Daniel Gross: Ellicott City—yes, it is institutional investors. More than ever before, the markets today are dominated by professional institutions, as opposed to individuals like you and me. And there are so many professional traders with different motivations (some short, some long, some quantitative, some fundamental) that it's not surprising stocks ping around in a time of uncertainty. In addition, a lot of these investors have their own issues—they may be concerned their investors will want to get their money back, so they sell positions suddenly to raise cash.
Arlington, Va.: The argument the Bush administration gave about not including a cap on executive compensation seems completely phony. The stockholders and board of directors would rather go bankrupt than accept help from the government with strings attached to their CEOs' salaries? Isn't this just the old boys network looking out for one another?
Daniel Gross: Yes.
This has been another in the long-running series of simple answers to smart questions.
New York: It's been suggested that, once the government took ownership of these worthless mortgage-backed securities, it could renegotiate mortgage payments with borrowers to avoid foreclosures. That would help borrowers stay in their homes, and eventually drive up the securities' values so they could be sold and some money recouped by the taxpayers. Is this actually part of the proposal? If so, could it realistically happen? Thanks.
Daniel Gross: That has been part of the proposal. I'm not sure if it's actually in there now. Remember, the original was just a very brief sketch by Paulson, basically the length of a good blog post. And I think part of the theory here is that the federal government can be more patient than other types of investors, and as a result would have more leeway in terms of renegotiating or freezing mortgages.
Mountain View, Calif.: Paulson and Bernanke claimed that without a bailout plan, the outcome would be worse. A typical phrase used is "the U.S. financial system would melt down." Everybody seems to agree with this assertion, with no questions asked. Can you clarify what it means, and can you describe the worst-case scenario with no bailout? And most importantly, how certain are you in that prediction? I can't help but remembering the "mushroom cloud" sales pitch for the necessity of the Iraq war.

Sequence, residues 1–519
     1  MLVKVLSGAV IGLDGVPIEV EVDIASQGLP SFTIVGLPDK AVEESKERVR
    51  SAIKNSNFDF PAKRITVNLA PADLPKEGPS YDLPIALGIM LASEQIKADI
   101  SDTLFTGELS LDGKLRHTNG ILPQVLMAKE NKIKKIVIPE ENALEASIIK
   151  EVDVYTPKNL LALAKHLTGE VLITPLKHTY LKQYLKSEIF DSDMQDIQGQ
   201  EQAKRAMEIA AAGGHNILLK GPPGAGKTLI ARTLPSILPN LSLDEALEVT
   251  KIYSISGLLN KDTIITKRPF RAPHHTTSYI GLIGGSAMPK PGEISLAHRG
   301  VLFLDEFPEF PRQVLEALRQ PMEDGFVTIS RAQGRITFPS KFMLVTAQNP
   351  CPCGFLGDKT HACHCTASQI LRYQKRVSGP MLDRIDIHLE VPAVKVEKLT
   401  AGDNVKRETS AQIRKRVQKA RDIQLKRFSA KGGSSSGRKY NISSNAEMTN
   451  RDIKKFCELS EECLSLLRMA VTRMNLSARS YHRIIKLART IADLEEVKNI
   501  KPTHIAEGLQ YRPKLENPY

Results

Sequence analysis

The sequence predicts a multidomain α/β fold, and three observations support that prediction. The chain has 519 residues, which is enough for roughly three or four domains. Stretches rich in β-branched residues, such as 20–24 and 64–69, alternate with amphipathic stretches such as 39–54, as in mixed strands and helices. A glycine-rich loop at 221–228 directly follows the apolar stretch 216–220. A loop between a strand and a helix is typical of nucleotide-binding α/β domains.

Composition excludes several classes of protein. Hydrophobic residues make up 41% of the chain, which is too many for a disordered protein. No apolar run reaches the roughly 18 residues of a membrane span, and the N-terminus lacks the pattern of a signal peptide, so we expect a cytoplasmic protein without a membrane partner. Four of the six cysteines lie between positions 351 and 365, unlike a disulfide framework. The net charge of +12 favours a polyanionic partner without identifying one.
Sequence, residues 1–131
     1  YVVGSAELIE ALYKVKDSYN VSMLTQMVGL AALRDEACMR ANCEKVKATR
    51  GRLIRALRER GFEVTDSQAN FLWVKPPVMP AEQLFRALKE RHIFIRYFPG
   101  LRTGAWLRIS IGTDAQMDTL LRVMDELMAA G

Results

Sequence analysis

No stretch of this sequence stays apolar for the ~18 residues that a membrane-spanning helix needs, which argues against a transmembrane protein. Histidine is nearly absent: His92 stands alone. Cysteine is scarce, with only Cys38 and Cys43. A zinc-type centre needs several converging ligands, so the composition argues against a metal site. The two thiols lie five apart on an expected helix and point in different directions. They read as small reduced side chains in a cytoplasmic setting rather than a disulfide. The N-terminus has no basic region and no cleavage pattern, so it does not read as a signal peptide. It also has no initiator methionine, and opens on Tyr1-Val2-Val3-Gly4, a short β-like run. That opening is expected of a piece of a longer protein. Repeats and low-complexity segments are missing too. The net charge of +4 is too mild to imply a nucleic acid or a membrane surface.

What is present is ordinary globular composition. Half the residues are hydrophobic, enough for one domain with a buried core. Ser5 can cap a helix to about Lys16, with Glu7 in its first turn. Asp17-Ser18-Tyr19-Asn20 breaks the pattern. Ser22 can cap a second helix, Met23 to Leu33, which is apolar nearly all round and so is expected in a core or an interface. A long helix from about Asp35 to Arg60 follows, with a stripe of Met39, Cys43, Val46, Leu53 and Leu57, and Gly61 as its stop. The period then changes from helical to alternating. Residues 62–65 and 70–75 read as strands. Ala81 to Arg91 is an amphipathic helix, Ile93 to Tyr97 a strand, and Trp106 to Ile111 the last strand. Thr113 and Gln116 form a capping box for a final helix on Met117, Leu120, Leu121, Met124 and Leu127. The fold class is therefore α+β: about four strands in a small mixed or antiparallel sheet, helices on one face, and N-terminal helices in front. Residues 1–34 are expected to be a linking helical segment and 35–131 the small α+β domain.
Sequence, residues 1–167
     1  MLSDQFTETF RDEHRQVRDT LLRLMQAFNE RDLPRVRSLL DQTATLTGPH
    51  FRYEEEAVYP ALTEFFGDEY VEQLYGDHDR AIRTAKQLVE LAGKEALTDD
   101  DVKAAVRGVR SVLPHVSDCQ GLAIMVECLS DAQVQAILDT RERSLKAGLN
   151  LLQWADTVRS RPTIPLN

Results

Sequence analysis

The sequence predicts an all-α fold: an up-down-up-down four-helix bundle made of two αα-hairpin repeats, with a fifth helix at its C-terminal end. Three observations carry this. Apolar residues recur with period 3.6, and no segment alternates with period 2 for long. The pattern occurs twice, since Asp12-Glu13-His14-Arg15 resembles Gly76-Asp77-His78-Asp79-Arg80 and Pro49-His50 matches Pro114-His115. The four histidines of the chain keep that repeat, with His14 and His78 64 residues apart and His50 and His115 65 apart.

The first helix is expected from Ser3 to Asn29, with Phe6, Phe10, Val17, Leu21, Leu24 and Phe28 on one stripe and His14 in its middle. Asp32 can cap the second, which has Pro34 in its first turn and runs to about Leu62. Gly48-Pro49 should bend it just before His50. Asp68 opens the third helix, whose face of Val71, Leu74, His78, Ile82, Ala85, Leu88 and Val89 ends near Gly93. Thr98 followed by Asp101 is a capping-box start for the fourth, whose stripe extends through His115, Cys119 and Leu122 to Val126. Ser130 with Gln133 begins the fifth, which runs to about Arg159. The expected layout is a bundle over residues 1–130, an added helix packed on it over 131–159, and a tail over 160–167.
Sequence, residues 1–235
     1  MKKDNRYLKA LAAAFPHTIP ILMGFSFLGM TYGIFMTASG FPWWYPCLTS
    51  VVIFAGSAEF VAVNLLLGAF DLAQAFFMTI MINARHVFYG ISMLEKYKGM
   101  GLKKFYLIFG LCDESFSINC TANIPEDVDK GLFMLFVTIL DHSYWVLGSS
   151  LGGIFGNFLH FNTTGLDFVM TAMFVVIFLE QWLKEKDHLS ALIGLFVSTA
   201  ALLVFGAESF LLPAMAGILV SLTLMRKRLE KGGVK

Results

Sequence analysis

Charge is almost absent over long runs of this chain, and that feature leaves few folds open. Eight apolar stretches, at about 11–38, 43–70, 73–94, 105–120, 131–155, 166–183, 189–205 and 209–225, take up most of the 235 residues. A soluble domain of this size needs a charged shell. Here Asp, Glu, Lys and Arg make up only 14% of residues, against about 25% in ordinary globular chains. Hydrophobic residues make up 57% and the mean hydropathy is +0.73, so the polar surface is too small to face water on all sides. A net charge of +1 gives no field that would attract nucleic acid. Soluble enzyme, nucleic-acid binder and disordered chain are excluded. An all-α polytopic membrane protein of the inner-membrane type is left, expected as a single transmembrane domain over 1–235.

Daniel Gross: That's a tough question. I had generally taken the view that this week things had settled down. And the risk of a meltdown seems more remote. After all, there aren't that many big institutions left that can fail. But I know from speaking with them that the policymakers feel otherwise. They're intently focused on some pretty obscure data points—the interest rates banks charge one another, etc. And most of those still show a high level of distrust and fear.
The ultimate fear is that banks and companies simply will stop extending credit to one another, and credit is the grease that makes the global economic machinery work
Laurel, Md.: We know that in some ways the '90s tech bubble distorted the economy, like laying too much optic cable. How much did the housing bubble distort the economy by encouraging too much housing? I live in a townhouse well-suited to a single person—about 1,200 square feet, convenient to the highway and my town's parks and shopping. It would sell for $250,000. A mile down the road, a former horse pasture has been replaced by $800,000 mansions with a ten-foot strips of grass between them.
Chadwick Matlin: Trying to assign blame in this mess is difficult because it was such a chain-reaction affair. But, yes, the housing boom certainly seems to have gotten in on the action in the early going, and has provided plenty of villains. Because housing prices were rising steadily, mortgage-lenders and mortgage-takers assumed that the price of a house on the market would also go up. That led lenders to give mortgages to folks that couldn't pay for them, and when the housing bubble burst, it made the folks who couldn't pay for them not pay for them. I can only presume that the $800,000 mansion down the road isn't worth quite that much right now.
Fallbrook, Calif.: How does this help homeowners? And why is the moral hazard justified with the banks, and not for the people hurt by unscrupulous lenders?
Daniel Gross: Directly, it doesn't really help homeowners. The way they seem to justify it is this. If I default on my mortgage, it hurts me and hurts the bank a little bit. If a gigantic mortgage lender fails, it hurts its shareholders and bondholders—but also has the capacity to disrupt the entire global financial system. That seems to be their operating theory. In order to get a bailout you have to be big, reckless, highly interconnected with other firms, and international in scope.